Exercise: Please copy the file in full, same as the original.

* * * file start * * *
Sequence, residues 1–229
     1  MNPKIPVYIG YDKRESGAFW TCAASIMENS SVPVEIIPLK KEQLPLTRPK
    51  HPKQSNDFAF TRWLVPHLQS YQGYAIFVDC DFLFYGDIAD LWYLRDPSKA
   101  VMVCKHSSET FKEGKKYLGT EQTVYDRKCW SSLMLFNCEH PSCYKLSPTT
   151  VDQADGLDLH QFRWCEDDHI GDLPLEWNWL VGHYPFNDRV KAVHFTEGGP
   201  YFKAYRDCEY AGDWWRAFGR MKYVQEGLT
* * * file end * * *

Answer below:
Sequence, residues 1–229
     1  MNPKIPVYIG YDKRESGAFW TCAASIMENS SVPVEIIPLK KEQLPLTRPK
    51  HPKQSNDFAF TRWLVPHLQS YQGYAIFVDC DFLFYGDIAD LWYLRDPSKA
   101  VMVCKHSSET FKEGKKYLGT EQTVYDRKCW SSLMLFNCEH PSCYKLSPTT
   151  VDQADGLDLH QFRWCEDDHI GDLPLEWNWL VGHYPFNDRV KAVHFTEGGP
   201  YFKAYRDCEY AGDWWRAFGR MKYVQEGLT